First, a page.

Not sure which level of HLA typing is best suited to your project, or need clarification around the complexities of HLA nomenclature? Contact Us and we’ll aim to get back to you within one working day. We can offer a completely bespoke service to help ensure you achieve the best outcomes, within the desired timeframe, and at a competitive price.

Want to know more?

Fill out our contact us form, and we’ll aim to get back to you within one working day to discuss.

Our processes

Many of our clients choose to outsource their HLA typing requirements to Anthony Nolan, safe in the knowledge that we’re leaders in our field. If you’d like to know more about how HLA typing works, read on…

Overview: We analyse the DNA sequence of each HLA gene, using a state-of-the-art method known as Next Generation Sequencing (NGS), to accurately define specific alleles and determine a person’s HLA type.  The whole process takes 3-4 days from receiving the DNA samples to generating the results, and here’s why…

  • Our step-by-step process:

First, DNA samples – the patient or donor samples, plus control samples – are extracted and prepared by our Technical Services Team to confirm they are suitable for downstream processes. We then use Next generation sequencing (NGS) to determine the DNA sequence of the HLA genes from a sample such as blood, saliva or swab.

The process is illustrated above and takes place over 3-4 days:

  • Day 1: 

Amplification and Visualisation 

We start by amplifying 11 HLA genes. These are HLA-A, -B, -C, -DRB1, -DRB3, -DRB4, -DRB5, -DQA1, -DQB1, -DPA1 and -DPB1. The samples are amplified using a process called PCR (polymerase chain reaction), which creates millions of copies of the desired HLA genes for each sample. We use fluorescent dyes to visualise successful DNA amplification.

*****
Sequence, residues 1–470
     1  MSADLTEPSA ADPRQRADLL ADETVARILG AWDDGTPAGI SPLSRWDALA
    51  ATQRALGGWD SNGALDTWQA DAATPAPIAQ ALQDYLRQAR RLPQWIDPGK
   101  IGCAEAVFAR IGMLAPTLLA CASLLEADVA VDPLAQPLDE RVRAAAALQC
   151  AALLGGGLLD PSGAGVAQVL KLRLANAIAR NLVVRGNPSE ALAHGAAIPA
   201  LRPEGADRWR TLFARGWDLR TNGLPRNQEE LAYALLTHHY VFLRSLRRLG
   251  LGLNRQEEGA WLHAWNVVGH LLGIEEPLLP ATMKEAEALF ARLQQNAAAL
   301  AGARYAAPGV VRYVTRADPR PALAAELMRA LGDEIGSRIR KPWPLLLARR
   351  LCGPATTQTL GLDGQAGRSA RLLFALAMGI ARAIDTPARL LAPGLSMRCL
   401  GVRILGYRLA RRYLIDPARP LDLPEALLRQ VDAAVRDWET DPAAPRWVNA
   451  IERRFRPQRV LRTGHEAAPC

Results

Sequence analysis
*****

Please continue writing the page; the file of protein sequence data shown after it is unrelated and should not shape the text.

• Day 2

Library preparation, from DNA pooling to sequencer loading

During PCR, the genes of interest within each sample are amplified separately. The next stage is to pool - or combine - the genes. The proportions of the pooled DNA are determined by quantifying each amplified gene. This is the beginning of a stage that is known as ‘library preparation’. It results in all our samples being uniquely tagged in one tube, ready to be loaded onto an Illumina flow cell (a hollow glass slide used to place tagged libraries into the sequencer).

  • Day 3 / 4

Sequencing  

The flow cell is critical in sequencing. It is the conduit on which DNA strands are replicated to form lots of DNA templates for sequencing by synthesis. This process utilizes fluorescent bases made of dNTPs (artificial nucleotides). As each individual DNA base (A, C, T or G – the four different chemicals that make up all our DNA) is added to the new DNA strand, it is detected by the MiSeq sequencing instrument. The DNA sequence for each sample is then recorded in files known as FASTQ.

Data interpretation

The FASTQ files are processed and sorted by a program called NGSengine. A scientist can then analyse and review the data, accurately identifying 11 genes of high to allelic resolution HLA typing for our samples. This level of accuracy is helpful in selecting the best-matched donor for transplants, and in preclinical research, particularly that examining immune responses to disease.

Working in partnership

Anthony Nolan holds the world’s only central database, charting the 35,000+ different HLA alleles that have been identified to date. This attests to our leading position within the Histocompatibility and Immunogenetics community, and makes us the ideal partner for researchers and developers requiring HLA typing services.

Whatever your requirements, we can provide a flexible service tailored to your exact brief, all delivered with the level of expertise and service you’d expect from HLA specialists. You also have the reassurance that the Anthony Nolan Histocompatibility Laboratories are accredited by United Kingdom Accreditation Service (UKAS) to ISO15189 and the European Federation for Immunogenetics (EFI).

Contact us to find out more.